Standing with a confident grin and an oversized hoodie, 12-year-old Francisco Javier Vera stepped up to a table and reminded cheering COP26 protesters of the activism that has earned him multiple death threats.
The school boy has become a major influence in his native Colombia, where he has earned a following for his charismatic leadership of the environment movement and human rights.
The young activist, who stands just 1.4 metres tall, does not think his youth should diminish his voice. “Regardless of what people say, that boys and girls are the future, I believe we are the present, we are the present and we have an opinion and a voice as citizens,” he told AFP. “But they don’t allow us to express it.”
He speaks strongly and passionately, with dramatic gesticulation to emphasise his point: there are few other children at the COP26 venue. Francisco became an environmental activist at the very young age of nine, in March 2019, when he saw visuals of wildfires scorching across the Amazon and the forests of Australia.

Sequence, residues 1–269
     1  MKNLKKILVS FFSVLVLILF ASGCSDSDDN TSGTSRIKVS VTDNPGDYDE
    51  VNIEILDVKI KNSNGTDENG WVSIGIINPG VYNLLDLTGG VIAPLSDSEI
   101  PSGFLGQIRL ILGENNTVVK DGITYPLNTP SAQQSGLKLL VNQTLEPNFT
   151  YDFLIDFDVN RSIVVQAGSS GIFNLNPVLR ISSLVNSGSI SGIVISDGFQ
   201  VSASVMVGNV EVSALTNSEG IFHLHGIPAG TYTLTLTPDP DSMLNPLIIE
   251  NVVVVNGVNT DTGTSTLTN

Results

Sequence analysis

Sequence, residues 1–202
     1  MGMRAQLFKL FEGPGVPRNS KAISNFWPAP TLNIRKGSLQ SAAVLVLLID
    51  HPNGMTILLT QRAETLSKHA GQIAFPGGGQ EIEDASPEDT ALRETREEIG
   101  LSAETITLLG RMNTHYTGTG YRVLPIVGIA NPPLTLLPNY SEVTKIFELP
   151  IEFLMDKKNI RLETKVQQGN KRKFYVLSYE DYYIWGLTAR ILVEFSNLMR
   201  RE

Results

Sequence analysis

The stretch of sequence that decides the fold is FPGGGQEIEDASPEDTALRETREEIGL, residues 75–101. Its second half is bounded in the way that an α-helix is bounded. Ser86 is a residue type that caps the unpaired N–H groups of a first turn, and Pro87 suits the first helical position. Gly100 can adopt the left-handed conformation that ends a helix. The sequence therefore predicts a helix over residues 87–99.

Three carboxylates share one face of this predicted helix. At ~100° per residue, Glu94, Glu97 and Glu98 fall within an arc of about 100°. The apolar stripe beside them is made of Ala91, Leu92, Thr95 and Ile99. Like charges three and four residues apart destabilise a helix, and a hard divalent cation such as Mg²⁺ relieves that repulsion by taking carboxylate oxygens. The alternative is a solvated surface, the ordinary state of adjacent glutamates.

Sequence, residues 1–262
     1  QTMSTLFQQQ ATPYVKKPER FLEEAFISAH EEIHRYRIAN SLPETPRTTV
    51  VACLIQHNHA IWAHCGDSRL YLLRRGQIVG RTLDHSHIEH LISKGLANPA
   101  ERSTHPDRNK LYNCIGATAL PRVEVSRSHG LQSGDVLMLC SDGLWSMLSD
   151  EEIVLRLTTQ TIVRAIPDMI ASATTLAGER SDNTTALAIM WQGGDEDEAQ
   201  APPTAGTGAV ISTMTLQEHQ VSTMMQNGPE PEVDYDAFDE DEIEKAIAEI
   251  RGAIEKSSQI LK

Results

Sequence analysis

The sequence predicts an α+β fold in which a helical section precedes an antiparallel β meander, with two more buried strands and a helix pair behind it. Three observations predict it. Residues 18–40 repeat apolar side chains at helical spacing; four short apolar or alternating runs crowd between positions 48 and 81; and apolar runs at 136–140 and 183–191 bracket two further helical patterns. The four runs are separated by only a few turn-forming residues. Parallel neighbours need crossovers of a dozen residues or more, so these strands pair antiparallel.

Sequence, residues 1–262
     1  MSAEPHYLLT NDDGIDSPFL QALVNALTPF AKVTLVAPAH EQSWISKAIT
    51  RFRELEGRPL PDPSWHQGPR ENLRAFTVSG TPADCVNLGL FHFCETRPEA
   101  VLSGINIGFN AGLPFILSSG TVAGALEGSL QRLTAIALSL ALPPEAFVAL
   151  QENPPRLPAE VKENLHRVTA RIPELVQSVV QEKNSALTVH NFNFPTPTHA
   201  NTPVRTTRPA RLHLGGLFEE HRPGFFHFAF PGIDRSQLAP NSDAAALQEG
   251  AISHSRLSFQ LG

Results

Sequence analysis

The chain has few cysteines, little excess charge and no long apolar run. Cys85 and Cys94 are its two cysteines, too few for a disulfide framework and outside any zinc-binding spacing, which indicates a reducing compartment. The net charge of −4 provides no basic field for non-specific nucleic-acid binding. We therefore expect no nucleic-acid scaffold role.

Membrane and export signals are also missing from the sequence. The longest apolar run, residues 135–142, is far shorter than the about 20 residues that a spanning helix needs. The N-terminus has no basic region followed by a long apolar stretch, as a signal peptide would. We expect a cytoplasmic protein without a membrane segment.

Inspired greatly by the Swedish activist Greta Thunberg and by Pakistani education rights champion Malala Yousafzai, he declared to his parents that he wanted to find a movement.
“When I arrived home that night, he had already compiled a whole database of contacts for people in the neighbourhood,” mentioned his mother Ana Maria Manzanares, a social worker. She has since quit her job to devote time to supporting her son.
His father, a lawyer, objected in the beginning fearing repercussions, but relented and bought his son a megaphone.
Speaking at COP26 “is very different from living where climate change is happening,” he said, including the fact that even during his short life he has seen biodiversity loss in the lush Villeta waterfalls region.
World leaders must focus “not only on climate but for a dignified life, an education, health, human rights”, he said. “It saddens me that politicians do not listen to citizens.” When he grows up he wants to be a politician.